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Use It or Lose It

Aphorisms in the abstract

Stan Kelly-Bootle, Author

My aphorisme du jour allows me to roam widely in many directions, some of which, I hope, will be timely and instructive for Queue readers. My choice of the French aphorisme is a justifiably elitist affectation, paying homage to Montaigne, Voltaire, Bertrand Meyer, and that cohue d’elegance. The Gallic gargled r (as in Brassens) and the sublime long final syllable, if you get them right, simply drip with class compared with the slovenly sequence of English diphthongs: a-for-iz-um. (Anglophones also mangle the monosyllabic genre into john-ruh.) We tend to treat the terms aphorism and epigram as posh synonyms for maxim, motto, or even saying. They are all characterized by an attempt to condense volumes of wisdom into short, memorable phrases suitable, say, for adorning our college crests, tombstones, or car bumpers.

Originally, aphorism meant a definition, which is, in fact, quite the opposite of current usage. A definition, by nature, must spell out in detail (the definiens) exactly what the thing being defined (the definiendum) means. In modern parlance: zip(definiens) = definiendum; unzip(definiendum) = definiens. Unlike the compression of iTunes, quality is preserved! Once you’ve agreed on a definition, its use certainly helps in reducing the verbosity of future discourse. But, as Bertrand Russell remarked, definitions are simply optional shorthand tricks, saving space and time but not contributing anything essential to the theory. In practice, of course, as Russell admits, the very fact that we have singled out a compound entity worthy, as it were, of being defined can be significant in developing and explaining the theory. Thus, the definiendum momentum not only saves effort compared with “mass x velocity,” it also makes clear that that strange, unnatural product plays a key role in mechanics. Similarly with net pay, defined as “gross less deductions.”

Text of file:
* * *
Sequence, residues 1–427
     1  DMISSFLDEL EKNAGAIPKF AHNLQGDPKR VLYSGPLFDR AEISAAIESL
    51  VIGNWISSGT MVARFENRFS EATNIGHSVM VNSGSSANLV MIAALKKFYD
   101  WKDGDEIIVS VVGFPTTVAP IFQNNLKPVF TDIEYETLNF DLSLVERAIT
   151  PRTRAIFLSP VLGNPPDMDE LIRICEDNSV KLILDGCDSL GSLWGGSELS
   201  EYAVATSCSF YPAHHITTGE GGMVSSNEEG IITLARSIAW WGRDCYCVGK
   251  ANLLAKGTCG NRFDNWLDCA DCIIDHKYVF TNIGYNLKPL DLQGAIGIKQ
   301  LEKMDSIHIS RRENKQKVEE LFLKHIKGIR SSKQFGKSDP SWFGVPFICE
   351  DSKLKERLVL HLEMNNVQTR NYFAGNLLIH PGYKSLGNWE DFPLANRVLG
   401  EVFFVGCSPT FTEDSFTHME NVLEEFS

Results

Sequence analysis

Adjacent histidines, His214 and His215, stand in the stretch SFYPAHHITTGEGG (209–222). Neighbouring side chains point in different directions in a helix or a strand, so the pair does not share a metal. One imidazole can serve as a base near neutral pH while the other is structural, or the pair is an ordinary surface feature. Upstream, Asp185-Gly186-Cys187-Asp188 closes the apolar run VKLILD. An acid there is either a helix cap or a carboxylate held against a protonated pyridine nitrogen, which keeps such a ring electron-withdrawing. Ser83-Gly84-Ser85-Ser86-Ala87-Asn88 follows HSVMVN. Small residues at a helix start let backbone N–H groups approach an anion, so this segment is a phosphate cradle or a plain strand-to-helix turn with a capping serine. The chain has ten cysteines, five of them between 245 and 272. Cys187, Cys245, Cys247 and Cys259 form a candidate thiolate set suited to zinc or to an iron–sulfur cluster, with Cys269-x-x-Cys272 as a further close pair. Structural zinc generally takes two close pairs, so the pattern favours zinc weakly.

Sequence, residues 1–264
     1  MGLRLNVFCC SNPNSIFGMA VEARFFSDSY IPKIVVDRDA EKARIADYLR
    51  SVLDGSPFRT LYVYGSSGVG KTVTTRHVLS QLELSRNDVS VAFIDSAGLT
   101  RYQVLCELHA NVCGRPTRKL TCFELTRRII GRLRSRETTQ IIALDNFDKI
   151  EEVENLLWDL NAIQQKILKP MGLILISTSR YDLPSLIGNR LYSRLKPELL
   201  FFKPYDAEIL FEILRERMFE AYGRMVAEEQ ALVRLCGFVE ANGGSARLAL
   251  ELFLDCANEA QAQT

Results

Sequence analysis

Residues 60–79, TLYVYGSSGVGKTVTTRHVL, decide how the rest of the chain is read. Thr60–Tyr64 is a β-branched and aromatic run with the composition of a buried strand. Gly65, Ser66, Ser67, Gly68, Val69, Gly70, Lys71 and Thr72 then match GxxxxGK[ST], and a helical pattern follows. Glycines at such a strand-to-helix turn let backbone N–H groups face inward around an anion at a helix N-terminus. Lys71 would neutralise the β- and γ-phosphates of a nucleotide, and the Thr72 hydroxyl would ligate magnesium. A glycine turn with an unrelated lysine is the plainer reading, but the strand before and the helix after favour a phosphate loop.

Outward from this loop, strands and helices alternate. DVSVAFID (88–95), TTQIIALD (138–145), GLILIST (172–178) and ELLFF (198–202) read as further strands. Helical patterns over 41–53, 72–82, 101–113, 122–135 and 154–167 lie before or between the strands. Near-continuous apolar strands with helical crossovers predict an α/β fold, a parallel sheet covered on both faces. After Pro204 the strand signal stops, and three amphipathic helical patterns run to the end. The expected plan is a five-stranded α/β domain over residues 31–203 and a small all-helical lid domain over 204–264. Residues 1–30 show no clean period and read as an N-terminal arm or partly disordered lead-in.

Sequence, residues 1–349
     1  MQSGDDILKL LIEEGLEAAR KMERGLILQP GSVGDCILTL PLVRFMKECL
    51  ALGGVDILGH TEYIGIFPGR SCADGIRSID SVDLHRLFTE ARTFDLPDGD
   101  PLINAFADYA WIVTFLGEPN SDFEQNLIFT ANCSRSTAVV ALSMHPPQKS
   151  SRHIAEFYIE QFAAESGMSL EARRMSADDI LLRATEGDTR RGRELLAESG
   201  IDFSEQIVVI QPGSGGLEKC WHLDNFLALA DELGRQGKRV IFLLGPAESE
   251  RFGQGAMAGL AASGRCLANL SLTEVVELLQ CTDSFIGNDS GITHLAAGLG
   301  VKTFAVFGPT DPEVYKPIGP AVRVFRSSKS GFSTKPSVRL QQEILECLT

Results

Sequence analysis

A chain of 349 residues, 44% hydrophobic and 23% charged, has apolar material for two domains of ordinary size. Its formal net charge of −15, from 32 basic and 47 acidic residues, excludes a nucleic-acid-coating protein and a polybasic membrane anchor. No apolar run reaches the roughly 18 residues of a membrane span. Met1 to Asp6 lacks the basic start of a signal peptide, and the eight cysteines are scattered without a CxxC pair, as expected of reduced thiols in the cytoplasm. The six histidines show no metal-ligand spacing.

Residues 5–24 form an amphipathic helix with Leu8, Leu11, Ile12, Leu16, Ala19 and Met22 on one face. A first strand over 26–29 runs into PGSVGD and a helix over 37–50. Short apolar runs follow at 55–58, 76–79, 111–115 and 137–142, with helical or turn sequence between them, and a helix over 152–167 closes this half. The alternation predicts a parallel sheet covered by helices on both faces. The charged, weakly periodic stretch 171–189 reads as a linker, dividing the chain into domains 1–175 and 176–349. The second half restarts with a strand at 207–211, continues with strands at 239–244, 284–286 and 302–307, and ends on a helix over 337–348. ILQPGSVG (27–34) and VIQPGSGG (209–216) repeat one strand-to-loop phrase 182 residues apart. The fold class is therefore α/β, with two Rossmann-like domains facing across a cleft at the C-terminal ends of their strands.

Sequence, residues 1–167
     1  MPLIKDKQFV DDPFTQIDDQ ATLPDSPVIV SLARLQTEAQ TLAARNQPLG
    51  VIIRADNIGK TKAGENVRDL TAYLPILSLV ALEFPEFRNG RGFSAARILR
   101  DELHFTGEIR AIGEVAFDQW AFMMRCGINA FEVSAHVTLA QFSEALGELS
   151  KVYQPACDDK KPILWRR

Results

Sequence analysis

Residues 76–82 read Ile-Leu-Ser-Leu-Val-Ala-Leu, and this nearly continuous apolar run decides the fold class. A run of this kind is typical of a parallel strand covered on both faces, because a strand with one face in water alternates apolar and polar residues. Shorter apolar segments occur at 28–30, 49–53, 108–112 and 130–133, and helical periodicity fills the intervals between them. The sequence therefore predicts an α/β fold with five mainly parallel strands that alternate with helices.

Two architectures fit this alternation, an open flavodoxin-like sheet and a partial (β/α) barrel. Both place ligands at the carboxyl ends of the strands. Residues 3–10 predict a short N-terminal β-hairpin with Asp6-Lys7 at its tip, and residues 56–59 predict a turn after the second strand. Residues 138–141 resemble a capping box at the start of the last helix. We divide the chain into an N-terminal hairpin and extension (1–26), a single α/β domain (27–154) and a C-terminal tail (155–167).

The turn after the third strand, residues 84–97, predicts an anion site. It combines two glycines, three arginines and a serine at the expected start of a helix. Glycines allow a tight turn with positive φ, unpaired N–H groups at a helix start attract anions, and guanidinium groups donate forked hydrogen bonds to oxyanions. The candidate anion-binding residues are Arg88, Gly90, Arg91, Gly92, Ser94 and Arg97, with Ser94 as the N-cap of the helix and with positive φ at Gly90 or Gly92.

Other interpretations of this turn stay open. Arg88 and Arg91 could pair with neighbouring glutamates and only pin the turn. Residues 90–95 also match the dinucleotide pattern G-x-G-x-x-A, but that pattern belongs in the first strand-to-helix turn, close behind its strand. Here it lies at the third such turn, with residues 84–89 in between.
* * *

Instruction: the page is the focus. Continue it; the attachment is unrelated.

Surprisingly, the latest (sixth edition) Oxford Dictionary of Quotations shuns a specific aphoristique category, listing its shorter memorable selections under a section called “Sayings.” I suppose you can blame my Cantabrigian nit-picking bias, but the plumpen term sayings lacks that classic flair we associate with aphorisms and their epigrammatic siblings. I’m reminded of the critic who said of Jack Kerouac, “That’s not literature, it’s just typing.” Cynics from this camp are fond of knocking the blogosphere, claiming that for the first time in history we have more writers than readers. Luckily, most bloggers don’t see the enormity of this insult. The Borland Paradox database had a sublimely vague data type called blob, meaning binary large object. This may have influenced the coinage blog as a blob generator, but others read it as binary logorrhea. I rush to add that some of my best friends are bloggers. Does it help to call them blogeurs or blogistas? Not really. I seek your suggestions.

Faber has rival anthologies fully devoted to the aphorism, including the recent The Blind Eye compiled by poet Don Paterson, who admits that the aphorism is the most economical but least satisfying of literary forms. According to NB’s review (Times Literary Supplement, September 28, 2007), Paterson often confuses bland truisms with genuine aphorisms. NB offers an aphorism about The Blind Eye aphorisms: “The problem with wit and wisdom is that you usually get one or the other.”

The Oxford anthology also gives a self-referential aphorism from James Fenton: “Windbags can be right. Aphorists can be wrong. It’s a tough world!”

This warning finds confirmation in the existence of such contradictory pairs as, “Many hands make light work” and “Too many cooks spoil the broth.” I invite similar examples, preferably with IT implications.

Using and Losing What?